Crossing the Rainbow Bridge
Lessons from an old bird dog.
Every experience we have in life is a lesson. Every person we meet, a teacher. Sometimes it’s hard to ferret out the lesson, but dig deeper, and there it is. Lately, I’ve expanded that theory to include not just people, but dogs—well, my dog Blitzen anyway.
At this moment he’s sleeping soundly under the table, dreaming whatever bird dogs dream in the twilight of their careers. Actually, twilight is wishful thinking; every tick of his biological clock nudges Blitzen nearer the midnight hour. In the past couple years, he has strayed dangerously close to the Rainbow Bridge—that new-age euphemism formerly known as death. Each time, though, he recovered, maybe not to his old self, but to a reasonable facsimile, at least. For better or worse, old dogs are good at that, and it makes that final trip to the vet even more excruciating.
Last summer was tough on Blitz. Relentless heat and smoke knocked him for a loop. But the cool temps of autumn, perhaps coupled with the sight of me cleaning my shotgun and the odor of sharptail grouse from my game pouch, spurred a resurrection. Despite his thirteen-plus years, we had a pretty fabulous hunting season.
Blitzen’s eyesight had dimmed, his hearing was muffled, but his nose had lost none of its prowess and his semaphore-like tail (a characteristic of small Munsterlander pointers) functioned like a game bird Geiger counter.
While our forays were limited to a couple of hours (no death marches) and milder terrain (no blue grouse), we still got out there, found birds, and experienced rural Montana in all its funky glory. Recognizing that we were hunting on borrowed time, I savored every moment. I also learned a lot each and every foray.
For one thing, Blitz made up for his diminished endurance by hunting smarter. Rather than trying to cover the entire landscape as he did when young, he’d take a moment to survey the terrain, then zero in on what often turned out to be exactly where the birds were holding. How he knew they were there was a mystery, but I came to trust his instincts. We killed as many birds surgically hunting limited terrain as we had when we tried to traverse every square foot of ground. I have wondered if that approach to my work and other personal pursuits might also yield similar results. It’s certainly worth a try.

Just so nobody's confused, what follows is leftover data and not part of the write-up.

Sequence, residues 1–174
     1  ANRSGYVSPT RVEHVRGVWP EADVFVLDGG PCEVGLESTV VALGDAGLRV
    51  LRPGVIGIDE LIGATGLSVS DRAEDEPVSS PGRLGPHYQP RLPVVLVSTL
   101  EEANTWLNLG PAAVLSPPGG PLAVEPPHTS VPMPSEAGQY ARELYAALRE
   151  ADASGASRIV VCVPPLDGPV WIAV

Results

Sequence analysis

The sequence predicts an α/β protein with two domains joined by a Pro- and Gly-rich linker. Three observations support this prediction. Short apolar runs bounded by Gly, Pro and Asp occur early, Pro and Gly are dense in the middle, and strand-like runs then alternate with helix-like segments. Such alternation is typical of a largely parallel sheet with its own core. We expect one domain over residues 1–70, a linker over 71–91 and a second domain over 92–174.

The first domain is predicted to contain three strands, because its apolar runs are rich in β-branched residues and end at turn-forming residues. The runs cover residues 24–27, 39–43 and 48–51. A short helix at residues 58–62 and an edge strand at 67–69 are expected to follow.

Blitzen’s off-duty behavior also changed. In his younger years, he had been a bit aloof with people. Now he gently engages everyone, conservative or liberal, on a city street or in a barnyard, rough cut or refined. No judgment. As long as they have a pulse, chances are they will feel his warm muzzle in their palm. From Blitz’s perspective, they’re all equal, and he is often rewarded for his egalitarianism with pats on the head, treats, and kind words, bridging the rural-urban divide with a wagging tail and soft hazel eyes.
As both hunting dog and housemate, Blitzen has served me well. Now it is my turn to serve him. He needs to be hoisted up to the car. At 50-some pounds, it’s a bit of a heft. He also needs to go out at night, often in the “wee” hours of the morning. When back inside he immediately conks out, though I’m often stuck wide awake, fretting over this thing or that. But there is pleasure in service, particularly if it’s for someone or something you care deeply about. Even if it’s hard to tell if it’s being noticed or appreciated, it’s the right thing to do.
It may sound strange, but these days I find it just as satisfying to take Blitz on a short, slow-motion stroll along the Livingston levee, as it was chasing after him mile after mile out in the hinterlands. Rather than watching the rear end of a fast-moving hunting dog, I’m now watching the clouds, the birds, the river, and the universe pass by. Get yourself an old dog and chances are you will finally be here now.
In the end, the abbreviated lifespan of a dog is a good lesson in mortality. At Blitz’s age, every day, every minute with him is precious and that seems to be spilling over into the rest of my life—it’s all good. Nowadays, when rushing out the door, I take a moment to kneel down next to Blitz, stroke his whitening muzzle, and thank him for being such a good teacher. And on those mornings when he has that certain forlorn look in his eyes, just in case, I’ll add, “Meet you at the Rainbow Bridge.”